In March, the Community Association Institute released a series of reports based on the future of community associations.  Each of the panels produced a report.  In the Community Next: 2020 & Beyond report issued by the Public Policy panel, one of the identified challenges facing the community association industry is the ability of associations to adopt technology.  As we know, associations need to be responsive to changing social standards in terms of communication methods, member preferences, and business interactions.  The report identified 4 areas that need to be addressed in associations to further their abilities to not only use, but to embrace technology as a tool for running better communities.  How do Colorado communities stack up?

  1. Adapting with Technology:  State law should allow community association governance to accommodate evolving communities by enabling associations to use the most effective and latest means of communication.  Colorado law does not prohibit community associations from using technology to communicate.  So, feel free to use social media, websites, etc. to communicate with your residents on a daily basis to improve efficiency.
  2. Communications, Meetings, and Voting:  Procedures for meetings and decision-making by boards and members must be dynamic allowing adaptation to new and different community methods as technology develops.  Colorado law allows meetings to be conducted via any medium that allows all participants to hear and be heard during the meeting.  Therefore, UNLESS your governing documents provide otherwise, your community can conduct meetings via Skype, GoToMeeting, Telephone, etc.  Colorado law also does not prohibit electronic voting if provided for in your bylaws.  Therefore, associations should consider utilizing electronic voting in order to increase owner participation and potentially reduce meeting costs.  Unfortunately CCIOA requires that notice of owner meetings be given via hand delivery or US mail.  This is something we may want to push to be changed in the future in order to take full advantage of the technology now available.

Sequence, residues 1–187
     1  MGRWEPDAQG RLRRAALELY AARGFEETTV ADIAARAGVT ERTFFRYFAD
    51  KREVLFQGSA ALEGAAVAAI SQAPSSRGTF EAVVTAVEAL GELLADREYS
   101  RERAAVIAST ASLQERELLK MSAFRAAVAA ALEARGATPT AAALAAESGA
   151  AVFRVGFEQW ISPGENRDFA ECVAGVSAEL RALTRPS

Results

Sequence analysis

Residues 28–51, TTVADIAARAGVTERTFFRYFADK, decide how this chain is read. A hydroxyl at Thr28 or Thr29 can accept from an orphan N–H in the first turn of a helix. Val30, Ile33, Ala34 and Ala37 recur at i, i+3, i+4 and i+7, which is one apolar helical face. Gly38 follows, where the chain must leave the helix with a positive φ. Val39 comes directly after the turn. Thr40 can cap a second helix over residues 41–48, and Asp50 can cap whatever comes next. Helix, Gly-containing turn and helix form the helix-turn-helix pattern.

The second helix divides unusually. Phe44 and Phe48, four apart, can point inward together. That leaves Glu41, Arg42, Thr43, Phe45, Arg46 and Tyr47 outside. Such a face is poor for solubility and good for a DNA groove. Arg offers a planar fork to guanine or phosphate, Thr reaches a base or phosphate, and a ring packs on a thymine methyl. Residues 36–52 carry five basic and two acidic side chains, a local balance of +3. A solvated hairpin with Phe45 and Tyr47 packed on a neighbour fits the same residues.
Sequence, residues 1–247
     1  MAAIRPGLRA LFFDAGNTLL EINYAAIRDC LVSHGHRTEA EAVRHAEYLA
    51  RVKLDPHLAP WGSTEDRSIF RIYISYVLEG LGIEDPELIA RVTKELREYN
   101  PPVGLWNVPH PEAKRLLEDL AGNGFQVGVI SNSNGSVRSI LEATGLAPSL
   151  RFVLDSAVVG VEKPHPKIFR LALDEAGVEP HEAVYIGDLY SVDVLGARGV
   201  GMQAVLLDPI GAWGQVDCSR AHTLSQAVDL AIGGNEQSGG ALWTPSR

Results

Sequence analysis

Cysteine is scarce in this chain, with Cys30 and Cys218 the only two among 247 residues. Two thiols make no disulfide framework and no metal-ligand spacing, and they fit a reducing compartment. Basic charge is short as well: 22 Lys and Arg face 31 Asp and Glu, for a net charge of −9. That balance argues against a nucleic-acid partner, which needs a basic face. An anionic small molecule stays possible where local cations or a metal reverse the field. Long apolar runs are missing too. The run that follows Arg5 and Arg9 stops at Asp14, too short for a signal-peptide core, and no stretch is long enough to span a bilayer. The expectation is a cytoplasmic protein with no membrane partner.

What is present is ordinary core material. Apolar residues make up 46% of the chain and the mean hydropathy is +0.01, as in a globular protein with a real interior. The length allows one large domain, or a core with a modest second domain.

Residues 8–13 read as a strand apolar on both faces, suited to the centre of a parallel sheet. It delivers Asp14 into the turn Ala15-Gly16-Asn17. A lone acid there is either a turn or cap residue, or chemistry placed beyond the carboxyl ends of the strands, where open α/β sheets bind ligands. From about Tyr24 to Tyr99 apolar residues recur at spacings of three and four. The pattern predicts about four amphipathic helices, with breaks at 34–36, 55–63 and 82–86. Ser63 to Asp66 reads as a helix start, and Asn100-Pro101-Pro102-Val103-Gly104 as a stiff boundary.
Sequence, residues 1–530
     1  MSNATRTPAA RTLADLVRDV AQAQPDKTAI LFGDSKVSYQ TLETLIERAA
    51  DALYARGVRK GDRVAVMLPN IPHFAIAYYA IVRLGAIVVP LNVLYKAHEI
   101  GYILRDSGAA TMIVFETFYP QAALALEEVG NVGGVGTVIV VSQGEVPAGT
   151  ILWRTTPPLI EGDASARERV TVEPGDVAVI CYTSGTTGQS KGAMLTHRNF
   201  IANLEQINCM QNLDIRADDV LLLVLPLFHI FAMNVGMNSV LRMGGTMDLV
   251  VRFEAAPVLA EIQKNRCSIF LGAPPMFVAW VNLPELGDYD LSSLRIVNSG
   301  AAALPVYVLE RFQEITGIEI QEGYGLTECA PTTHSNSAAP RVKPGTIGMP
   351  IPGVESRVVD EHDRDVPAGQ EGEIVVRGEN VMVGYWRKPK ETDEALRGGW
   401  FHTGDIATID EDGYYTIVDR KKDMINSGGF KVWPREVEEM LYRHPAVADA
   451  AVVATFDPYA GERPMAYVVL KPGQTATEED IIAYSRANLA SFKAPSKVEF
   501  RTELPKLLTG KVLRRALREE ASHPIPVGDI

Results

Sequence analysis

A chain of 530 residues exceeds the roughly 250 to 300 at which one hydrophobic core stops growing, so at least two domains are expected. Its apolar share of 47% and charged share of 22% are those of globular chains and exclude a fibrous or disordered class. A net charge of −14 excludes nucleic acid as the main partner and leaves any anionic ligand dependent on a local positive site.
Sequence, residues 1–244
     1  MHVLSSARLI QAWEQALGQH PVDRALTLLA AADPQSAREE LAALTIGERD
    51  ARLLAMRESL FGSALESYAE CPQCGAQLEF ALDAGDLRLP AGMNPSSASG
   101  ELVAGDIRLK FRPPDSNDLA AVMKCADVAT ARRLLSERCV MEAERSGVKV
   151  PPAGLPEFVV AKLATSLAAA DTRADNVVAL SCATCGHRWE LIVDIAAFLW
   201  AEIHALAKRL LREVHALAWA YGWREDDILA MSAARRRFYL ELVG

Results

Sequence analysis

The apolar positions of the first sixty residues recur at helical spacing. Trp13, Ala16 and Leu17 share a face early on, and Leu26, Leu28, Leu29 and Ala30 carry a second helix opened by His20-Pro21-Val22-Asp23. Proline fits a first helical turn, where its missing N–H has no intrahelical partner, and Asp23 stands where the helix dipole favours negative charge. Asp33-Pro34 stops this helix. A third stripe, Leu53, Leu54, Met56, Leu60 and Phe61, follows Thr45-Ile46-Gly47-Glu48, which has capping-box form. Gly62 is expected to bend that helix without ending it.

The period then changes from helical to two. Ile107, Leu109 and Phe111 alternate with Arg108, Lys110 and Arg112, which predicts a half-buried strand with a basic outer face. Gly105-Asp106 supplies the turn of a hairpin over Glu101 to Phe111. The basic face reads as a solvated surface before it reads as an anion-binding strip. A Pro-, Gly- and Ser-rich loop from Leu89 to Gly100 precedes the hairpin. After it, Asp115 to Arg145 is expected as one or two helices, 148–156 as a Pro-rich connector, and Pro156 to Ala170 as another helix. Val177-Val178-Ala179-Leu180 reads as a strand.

3. Greater Flexibility in Decision-Making:  The ability to adapt with technology is impaired by rigid or unreasonable procedures for decision-making.  This is primarily an issue in bylaws that are antiquated and need to be revised.  So, if you haven’t had your bylaws updated in the last 10 years, now is the time.  You should afford the opportunity for decisions to be made at a meeting, outside of a meeting, by mail, etc.
  4. Tax Incentives:  Community associations are leaders in conservation of water and other natural resources, energy management and related sustainability matters.  Tax incentives should be available to encourage this to continue.  We are not aware of any tax incentives offered specifically to community associations for use of technology, but certainly federal tax incentives for solar energy, energy efficiency appliances, and vehicles could be available to associations.  More education of our state legislators on this issue could be beneficial.

Based on the above, overall Colorado is fairly open to the use of technology in community associations.  The impediments are generally a result of the governing documents, financial constraints, and lack of education.   All of these may be overcome by talking to your trusted business partners – like your management companies and attorneys.

The population of the United States is projected to rise well above 355 million by 2030*, and the demand for natural resources will grow in proportion.  If not already, resource management will become essential to survival.

*United Nations, Department of Economic and Social Affairs, Population